The Best Move Of The Young Season

Posted in IndyCar on April 18, 2014 by Oilpressure

So far, the best move of the young 2014 Verizon IndyCar Season was made off the track, when Ed Carpenter tabbed Mike Conway as his road course specialist for Ed Carpenter Racing. Two races into the season, and it has already paid off in a win at Long Beach and what might have been a very good finish at St. Petersburg, if not for a miscommunication on when to pit.

I’ll admit, until the announcement was made regarding this unique arrangement – the possibility never even dawned on me. When Mike Conway announced he would no longer drive on ovals near the end of the 2012 season, I was certain he would never be seen in the IndyCar paddock again. Many lauded Conway for his braveness for having the guts to admit he was uncomfortable on ovals. Quite honestly, I thought he should be commended for surviving telling his boss at the time – AJ Foyt.

But there were others that thought admitting fear and refusing to run certain disciplines, was cowardly and would mark him forever throughout the paddock. Whatever the case, I thought his IndyCar days were done.

When he won at Detroit in a one-off, but dominating effort for Dale Coyne last season, Conway opened a lot of eyes – probably including Ed Carpenter.

To be kind, Ed Carpenter has not been stellar on road & street courses. Each year, the message was that he had improved – but the stats don’t bear that out. Since the Verizon IndyCar Series started running on road & street courses in 2005, Ed Carpenter has driven in fifty-two of the non-oval races. Of those, he managed only one Top-Ten finish. Let that sink in for a minute. Only once out of fifty-two road & Street courses, did Ed Carpenter manage a Top-Ten – a sixth at Watkins Glen in 2006. For those that are stat-mongers, that’s a Top-Ten percentage rate of 1.9%.

But the flip side of that is that Ed Carpenter is excellent on ovals. In the last twelve oval races, Carpenter has scored two wins, a second and two fourth place finishes, throw in two more Top-Ten finishes and you’ve got a stellar oval record over those twelve races. Don’t forget, he was also the pole-sitter at last year’s Indianapolis 500. Carpenter has established himself as a bona fide contender on every oval and should be listed among the favorites at this year’s Indianapolis 500.

So when you look at this odd pairing, it makes perfect sense. One was superb on the ovals, but was a chronic backmarker on road & street courses. The other excelled on road & street courses, but would no longer run the ovals.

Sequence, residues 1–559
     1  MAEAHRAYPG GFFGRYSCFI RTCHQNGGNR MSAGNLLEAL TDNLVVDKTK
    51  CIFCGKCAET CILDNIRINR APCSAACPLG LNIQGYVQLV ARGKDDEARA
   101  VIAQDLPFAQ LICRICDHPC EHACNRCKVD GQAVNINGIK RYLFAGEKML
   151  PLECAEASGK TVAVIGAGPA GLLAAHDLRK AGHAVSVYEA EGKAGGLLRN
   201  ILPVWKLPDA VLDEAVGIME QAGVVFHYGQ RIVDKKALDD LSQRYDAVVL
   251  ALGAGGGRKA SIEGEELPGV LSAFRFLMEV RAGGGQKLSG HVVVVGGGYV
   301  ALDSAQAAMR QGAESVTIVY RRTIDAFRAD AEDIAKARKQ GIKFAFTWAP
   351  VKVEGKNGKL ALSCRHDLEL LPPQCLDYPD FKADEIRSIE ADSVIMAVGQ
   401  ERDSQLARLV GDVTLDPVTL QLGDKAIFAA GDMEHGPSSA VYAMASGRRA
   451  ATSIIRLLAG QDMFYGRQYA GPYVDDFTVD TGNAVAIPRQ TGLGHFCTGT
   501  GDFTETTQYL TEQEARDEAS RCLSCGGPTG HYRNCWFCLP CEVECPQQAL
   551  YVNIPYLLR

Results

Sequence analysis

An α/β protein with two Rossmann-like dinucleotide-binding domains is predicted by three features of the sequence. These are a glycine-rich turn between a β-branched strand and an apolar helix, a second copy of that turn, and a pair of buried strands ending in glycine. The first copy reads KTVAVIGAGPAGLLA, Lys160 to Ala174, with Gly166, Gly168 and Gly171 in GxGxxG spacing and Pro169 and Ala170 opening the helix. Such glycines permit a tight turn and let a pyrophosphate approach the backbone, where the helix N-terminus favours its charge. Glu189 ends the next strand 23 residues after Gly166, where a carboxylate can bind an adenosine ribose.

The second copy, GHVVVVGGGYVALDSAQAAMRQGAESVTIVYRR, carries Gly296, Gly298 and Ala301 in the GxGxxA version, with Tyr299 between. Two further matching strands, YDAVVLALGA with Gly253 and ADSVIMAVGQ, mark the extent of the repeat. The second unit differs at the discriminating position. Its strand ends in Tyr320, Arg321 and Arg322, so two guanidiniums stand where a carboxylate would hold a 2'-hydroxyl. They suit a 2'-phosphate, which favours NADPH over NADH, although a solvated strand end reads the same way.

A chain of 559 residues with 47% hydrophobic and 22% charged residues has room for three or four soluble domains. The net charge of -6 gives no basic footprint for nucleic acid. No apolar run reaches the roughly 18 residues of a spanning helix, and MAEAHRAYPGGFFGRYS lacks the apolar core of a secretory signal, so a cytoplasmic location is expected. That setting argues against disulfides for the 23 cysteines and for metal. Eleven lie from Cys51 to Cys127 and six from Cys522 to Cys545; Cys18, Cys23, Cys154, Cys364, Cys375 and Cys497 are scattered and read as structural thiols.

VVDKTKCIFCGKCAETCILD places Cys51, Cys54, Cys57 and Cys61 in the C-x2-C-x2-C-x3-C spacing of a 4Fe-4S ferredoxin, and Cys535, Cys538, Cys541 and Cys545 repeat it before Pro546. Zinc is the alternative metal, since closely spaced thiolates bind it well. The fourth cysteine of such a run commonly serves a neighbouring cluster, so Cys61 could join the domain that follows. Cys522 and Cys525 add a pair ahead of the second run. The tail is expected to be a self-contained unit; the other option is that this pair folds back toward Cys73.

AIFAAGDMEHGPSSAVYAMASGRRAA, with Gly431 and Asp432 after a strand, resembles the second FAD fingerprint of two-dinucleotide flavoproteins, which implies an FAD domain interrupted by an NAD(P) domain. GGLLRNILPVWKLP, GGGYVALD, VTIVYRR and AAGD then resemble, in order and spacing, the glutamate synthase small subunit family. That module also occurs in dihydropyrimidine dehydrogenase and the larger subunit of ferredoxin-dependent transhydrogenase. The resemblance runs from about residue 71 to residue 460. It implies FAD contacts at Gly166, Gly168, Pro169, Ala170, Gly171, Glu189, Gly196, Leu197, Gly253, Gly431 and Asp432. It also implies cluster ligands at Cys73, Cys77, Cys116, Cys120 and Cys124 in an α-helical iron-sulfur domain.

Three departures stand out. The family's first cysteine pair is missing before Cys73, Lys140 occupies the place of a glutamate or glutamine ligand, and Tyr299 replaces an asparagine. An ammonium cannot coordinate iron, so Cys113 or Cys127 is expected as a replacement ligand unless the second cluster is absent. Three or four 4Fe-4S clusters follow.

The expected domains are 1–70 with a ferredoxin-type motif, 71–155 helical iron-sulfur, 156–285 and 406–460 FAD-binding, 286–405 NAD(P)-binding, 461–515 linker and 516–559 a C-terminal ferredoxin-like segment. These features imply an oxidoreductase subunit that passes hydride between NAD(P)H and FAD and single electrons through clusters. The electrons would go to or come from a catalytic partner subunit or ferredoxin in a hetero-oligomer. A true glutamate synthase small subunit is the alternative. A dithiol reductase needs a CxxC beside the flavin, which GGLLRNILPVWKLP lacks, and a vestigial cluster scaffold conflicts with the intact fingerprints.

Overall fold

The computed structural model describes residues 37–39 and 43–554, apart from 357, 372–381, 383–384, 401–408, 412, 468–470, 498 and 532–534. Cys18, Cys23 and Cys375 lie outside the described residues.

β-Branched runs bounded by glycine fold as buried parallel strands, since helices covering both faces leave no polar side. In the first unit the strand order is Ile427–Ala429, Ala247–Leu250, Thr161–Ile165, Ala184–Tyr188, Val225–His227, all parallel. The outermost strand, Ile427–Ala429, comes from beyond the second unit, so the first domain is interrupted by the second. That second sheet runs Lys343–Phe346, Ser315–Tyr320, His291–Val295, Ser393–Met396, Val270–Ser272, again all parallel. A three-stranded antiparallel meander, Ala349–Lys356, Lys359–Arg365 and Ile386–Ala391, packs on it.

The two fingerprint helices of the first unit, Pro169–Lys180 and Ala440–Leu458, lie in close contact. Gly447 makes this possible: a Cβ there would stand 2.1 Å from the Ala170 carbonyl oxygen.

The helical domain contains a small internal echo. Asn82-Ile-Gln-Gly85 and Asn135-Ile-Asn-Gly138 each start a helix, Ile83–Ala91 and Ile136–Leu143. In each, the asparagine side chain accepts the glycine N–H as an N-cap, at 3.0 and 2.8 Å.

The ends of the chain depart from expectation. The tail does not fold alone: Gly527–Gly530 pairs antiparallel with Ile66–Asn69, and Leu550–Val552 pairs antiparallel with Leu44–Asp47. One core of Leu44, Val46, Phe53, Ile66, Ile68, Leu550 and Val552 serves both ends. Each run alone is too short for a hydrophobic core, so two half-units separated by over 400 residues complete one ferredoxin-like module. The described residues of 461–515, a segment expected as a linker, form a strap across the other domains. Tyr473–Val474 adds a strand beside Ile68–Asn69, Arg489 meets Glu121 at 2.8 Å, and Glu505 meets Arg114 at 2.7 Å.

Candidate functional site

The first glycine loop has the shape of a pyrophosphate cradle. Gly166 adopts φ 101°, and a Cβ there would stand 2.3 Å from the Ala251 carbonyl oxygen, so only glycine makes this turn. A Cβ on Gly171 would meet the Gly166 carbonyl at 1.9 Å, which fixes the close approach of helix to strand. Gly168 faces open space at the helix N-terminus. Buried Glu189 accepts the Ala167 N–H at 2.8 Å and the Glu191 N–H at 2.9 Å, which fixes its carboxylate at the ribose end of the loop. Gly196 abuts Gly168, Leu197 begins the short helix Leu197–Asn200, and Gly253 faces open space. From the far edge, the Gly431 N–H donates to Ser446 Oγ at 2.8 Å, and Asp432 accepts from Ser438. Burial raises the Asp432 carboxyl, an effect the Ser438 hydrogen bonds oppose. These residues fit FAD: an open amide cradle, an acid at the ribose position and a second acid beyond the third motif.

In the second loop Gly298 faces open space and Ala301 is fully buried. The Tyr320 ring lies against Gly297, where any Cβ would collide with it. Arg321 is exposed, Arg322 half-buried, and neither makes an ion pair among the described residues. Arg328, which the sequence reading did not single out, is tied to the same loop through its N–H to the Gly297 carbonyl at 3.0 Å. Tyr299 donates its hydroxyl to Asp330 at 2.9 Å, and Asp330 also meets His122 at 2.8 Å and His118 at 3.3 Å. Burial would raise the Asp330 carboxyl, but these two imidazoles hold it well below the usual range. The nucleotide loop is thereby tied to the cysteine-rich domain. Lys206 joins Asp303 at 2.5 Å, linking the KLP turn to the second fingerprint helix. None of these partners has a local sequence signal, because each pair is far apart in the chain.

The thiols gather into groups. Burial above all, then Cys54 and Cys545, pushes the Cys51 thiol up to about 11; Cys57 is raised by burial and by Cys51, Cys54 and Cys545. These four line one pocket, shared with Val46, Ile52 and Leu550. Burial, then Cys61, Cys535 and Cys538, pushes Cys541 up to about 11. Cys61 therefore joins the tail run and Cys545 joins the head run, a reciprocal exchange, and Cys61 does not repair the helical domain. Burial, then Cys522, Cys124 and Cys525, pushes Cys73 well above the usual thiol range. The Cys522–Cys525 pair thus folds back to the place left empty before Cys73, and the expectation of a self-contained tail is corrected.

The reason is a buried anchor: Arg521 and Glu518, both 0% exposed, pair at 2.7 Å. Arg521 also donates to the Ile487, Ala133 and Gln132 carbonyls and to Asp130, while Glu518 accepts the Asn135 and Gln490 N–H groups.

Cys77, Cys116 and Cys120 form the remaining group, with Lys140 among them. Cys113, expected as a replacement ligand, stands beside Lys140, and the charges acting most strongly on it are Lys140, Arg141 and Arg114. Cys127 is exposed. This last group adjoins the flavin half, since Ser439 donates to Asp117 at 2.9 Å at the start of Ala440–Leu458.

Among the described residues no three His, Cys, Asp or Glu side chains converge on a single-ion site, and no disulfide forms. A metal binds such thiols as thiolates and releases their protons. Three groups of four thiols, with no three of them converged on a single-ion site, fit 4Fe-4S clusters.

Usually, such a pairing would not fly with both or either of the drivers. Drivers naturally believe they can win on every track. An owner would be hard-pressed to find a driver that would want to give up his position in the cockpit in favor of another. It just goes against their nature.

But in this case, you have a driver that flat-out refuses to run any more ovals. Plus, the other driver also happens to be the car-owner. That makes a huge difference.

Ed Carpenter made this decision as a car-owner. When you wear two hats, sometimes one of them has to be taken off and set aside. That’s what Carpenter did. He made the best decision for his team and sponsor – not what was best for Ed the driver.

I despise the way-overused cliché of “the perfect storm”, so I’ll just call this a case of excellent timing for a win-win-win for everyone involved – Mike Conway, Ed Carpenter and Fuzzy’s Ultra-Premium Vodka. Chevrolet is benefiting from this one-two punch as well. Now, not only is the No.20 car a threat to win on ovals, but road & street courses as well – albeit with different drivers.

Ed Carpenter deserves high-praise for this move. He checked his ego at the door, which is a hard thing for most drivers to do. But he realized where his strengths were, and where they were not. He understood that he was doing his team and sponsors a disservice to remain in the car for road and street courses. He looked around and figured out that Conway was his polar opposite when it came to driving abilities.

Mike Conway is currently second in points. Even if he wins at Barber and/or the Grand Prix of Indianapolis, he will accumulate no points for the ovals. Keep in mind; the three five-hundred mile races count double, so it will be like Conway will have missed nine races. So neither Conway or Carpenter will be racing for the driver’s championship – but it is quite possible for Ed Carpenter to win the owner’s championship, even if another driver from another team wins the driver’s championship.